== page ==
war. Eebel emissaries were actively at work urging recogni 
tion abroad, and fostering dissension in the North. Recruit 
ing was difficult, and many true patriots began to have mis 
givings of the result. But Governor Morton never doubted 
nor wavered. He maintained that the Government could and 
must suppress the rebellion ; that all that was needed was to 
recruit the armies to a point that would render them irresis 
tible, and then adopt a vigorous and aggressive policy. Time 
and again, in person and by letter, he urged his idea upon the 
Government authorities, accompanying it with a plan for vet 
eran re-enlistments. At length his suggestion took root. On 
the 25th of June, 1863, the War Department issued an order 
for recruiting veteran volunteers,offering certain inducements 
and prescribing details. It did not work well, and the veteran 
re-enlistments under it were comparatively few. Still Governor 
Morton adhered to his idea. Some three months later, in 
September, 1863, he wrote to the Secretary of War suggest 
ing another plan. He stated that quite a number of Indiana 
regiments then in the field were so much reduced as to have 
less than one hundred and fifty effective men. He suggested 
that one regiment from each Congressional district in the 
State, to be selected by the Governor, should be permitted to 
come home and rendezvous in their respective districts for 
recruitment and re-organization. His idea was, that allowing 
the men to visit their homes would inspirit them, and that 


nearly every man would become a recruiting officer among 
his friends and acquaintances. This suggestion was adopted 
to the extent of allowing one non-commissioned officer or pri- 
ate from each company, to be selected by the regimental com 
mander, to come home on recruiting service, and an order to 
this effect was issued October 23, 1863. This worked well, 
and resulted in securing a large number of new men. The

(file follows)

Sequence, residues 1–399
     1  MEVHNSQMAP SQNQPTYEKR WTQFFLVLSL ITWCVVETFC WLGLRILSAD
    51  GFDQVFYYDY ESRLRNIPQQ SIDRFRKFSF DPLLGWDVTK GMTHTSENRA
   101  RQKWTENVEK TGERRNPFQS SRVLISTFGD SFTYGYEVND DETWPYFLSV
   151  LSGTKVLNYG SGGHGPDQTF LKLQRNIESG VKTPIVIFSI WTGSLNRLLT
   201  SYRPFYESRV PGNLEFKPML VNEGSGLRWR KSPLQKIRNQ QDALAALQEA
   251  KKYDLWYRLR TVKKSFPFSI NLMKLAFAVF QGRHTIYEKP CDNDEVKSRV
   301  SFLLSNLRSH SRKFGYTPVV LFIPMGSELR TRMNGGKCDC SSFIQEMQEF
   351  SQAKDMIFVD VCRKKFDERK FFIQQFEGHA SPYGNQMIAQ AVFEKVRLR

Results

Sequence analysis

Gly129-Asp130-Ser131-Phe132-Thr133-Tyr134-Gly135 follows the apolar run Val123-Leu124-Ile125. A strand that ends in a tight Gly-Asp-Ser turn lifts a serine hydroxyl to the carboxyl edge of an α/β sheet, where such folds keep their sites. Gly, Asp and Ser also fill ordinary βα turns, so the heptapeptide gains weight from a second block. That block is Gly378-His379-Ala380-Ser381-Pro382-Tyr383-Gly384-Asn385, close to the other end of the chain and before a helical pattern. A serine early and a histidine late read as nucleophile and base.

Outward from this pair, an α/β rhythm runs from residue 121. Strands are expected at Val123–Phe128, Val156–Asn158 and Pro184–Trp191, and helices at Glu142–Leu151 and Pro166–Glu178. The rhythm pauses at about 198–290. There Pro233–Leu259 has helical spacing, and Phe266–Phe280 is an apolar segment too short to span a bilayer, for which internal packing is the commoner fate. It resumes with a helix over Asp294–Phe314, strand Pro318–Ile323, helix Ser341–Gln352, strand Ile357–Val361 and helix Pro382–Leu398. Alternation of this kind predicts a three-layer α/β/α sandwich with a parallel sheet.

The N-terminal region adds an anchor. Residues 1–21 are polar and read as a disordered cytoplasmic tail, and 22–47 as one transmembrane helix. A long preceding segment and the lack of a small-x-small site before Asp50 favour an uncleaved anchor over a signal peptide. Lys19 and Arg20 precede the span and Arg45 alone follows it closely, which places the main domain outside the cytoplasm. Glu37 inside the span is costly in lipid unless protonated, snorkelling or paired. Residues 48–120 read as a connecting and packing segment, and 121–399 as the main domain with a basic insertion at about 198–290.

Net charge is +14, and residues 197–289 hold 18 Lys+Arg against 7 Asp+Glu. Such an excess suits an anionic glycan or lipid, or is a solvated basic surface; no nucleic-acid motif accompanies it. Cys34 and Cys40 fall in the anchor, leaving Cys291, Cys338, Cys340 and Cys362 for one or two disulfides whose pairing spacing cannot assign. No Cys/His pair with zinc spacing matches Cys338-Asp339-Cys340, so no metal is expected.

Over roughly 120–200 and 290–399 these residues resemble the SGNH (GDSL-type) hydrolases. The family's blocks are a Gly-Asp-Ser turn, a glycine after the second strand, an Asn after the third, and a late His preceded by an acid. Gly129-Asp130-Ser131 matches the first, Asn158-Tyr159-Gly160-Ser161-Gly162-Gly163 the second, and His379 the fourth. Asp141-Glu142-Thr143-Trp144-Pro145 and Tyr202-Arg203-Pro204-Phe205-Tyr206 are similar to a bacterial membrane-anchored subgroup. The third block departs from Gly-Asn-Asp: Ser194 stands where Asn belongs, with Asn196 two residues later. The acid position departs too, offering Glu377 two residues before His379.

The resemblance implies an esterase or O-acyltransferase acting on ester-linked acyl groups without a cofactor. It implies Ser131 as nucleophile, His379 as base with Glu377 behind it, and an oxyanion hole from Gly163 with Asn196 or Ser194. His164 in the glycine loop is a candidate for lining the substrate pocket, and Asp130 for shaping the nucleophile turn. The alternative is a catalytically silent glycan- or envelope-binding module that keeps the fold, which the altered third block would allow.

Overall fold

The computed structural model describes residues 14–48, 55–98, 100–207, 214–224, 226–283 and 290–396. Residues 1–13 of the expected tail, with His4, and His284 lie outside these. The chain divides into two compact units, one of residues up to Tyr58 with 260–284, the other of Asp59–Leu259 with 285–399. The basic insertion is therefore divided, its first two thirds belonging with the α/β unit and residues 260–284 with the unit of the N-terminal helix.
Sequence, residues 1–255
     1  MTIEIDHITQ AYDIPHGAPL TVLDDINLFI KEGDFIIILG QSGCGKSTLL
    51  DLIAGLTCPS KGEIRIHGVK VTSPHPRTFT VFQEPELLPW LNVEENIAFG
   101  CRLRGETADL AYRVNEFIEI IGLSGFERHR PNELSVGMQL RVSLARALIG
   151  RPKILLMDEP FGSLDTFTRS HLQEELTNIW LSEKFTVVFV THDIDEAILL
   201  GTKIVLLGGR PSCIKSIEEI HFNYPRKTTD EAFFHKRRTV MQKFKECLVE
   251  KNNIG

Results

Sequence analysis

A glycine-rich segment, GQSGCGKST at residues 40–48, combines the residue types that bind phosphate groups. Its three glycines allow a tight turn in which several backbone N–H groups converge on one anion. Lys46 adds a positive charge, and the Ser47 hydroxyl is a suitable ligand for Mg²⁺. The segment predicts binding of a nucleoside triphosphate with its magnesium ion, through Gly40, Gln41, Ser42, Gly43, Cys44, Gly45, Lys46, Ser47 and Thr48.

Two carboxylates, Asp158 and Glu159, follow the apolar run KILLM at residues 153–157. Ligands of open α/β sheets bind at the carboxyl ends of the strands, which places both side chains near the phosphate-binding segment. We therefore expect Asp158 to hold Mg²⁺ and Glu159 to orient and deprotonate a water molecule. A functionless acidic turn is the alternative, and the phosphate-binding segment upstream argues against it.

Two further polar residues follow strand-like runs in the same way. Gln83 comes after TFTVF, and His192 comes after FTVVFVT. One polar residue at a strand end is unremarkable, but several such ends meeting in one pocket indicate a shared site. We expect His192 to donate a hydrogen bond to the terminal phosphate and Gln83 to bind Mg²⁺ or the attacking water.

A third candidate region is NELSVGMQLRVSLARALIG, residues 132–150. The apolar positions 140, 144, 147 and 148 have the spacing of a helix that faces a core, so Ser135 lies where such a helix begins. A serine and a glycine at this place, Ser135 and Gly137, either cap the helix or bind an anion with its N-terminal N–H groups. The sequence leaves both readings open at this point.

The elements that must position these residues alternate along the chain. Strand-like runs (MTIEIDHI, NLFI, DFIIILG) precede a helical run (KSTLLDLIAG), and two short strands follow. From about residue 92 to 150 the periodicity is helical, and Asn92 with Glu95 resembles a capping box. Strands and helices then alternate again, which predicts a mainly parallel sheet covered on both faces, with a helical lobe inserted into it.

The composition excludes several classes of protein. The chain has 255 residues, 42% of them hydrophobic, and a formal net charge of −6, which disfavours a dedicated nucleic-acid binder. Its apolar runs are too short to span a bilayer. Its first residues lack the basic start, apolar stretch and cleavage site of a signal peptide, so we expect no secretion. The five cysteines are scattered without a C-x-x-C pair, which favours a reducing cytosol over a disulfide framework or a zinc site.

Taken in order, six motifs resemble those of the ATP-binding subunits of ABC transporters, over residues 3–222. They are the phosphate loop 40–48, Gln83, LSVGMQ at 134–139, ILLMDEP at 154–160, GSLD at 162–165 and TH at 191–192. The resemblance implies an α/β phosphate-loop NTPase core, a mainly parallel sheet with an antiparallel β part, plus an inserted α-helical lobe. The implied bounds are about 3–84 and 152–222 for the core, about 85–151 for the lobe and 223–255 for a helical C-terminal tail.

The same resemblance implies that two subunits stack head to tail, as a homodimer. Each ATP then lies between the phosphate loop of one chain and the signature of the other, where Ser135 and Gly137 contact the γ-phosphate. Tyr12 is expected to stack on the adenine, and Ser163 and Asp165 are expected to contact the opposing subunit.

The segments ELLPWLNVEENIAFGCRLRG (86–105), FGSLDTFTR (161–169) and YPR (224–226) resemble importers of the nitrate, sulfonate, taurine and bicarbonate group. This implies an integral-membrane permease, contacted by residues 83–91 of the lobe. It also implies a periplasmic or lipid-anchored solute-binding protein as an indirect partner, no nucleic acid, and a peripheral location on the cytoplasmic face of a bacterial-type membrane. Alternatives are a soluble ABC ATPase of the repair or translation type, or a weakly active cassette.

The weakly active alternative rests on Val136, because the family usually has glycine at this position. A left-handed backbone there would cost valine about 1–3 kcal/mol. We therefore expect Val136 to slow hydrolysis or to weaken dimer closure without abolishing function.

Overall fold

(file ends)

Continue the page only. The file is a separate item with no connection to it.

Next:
work of re-enlisting veterans in the field, however, went on 
slowly till November, when the War Department issued an 
order allowing " a furlough of at least thirty days previous to 
" expiration of their original enlistment," this stipulation to 
be entered upon the re-enlistment rolls and the men to be 
furnished with transportation to and from their homes at 
government expense. This modification was well received, 
and under it re-enlistments went on rapidly. Thus, this idea, 
originated and persistently adhered to by Governor Morton, 
became at last a source of great military strength to the Gov 


From the beginning of the war Governor Morton had 
great influence with the National administration. This was 
due partly to his recognized position as a leader of the 
Republican party, but more, doubtless, to the remarkable 
energy, judgment and sagacity which he displayed. He was 
the trusted friend and counselor of Lincoln and Stanton. 
His frequent visits to Washington brought him into close 
personal contact and constant correspondence with both of 
these great men, and they never failed to seek his advice on 
every pending question of importance. In October, 1862, 
he was in Washington on business connected with the war 
department. The President had, as usual, conferred freely 
with him concerning the conduct of the war, the state of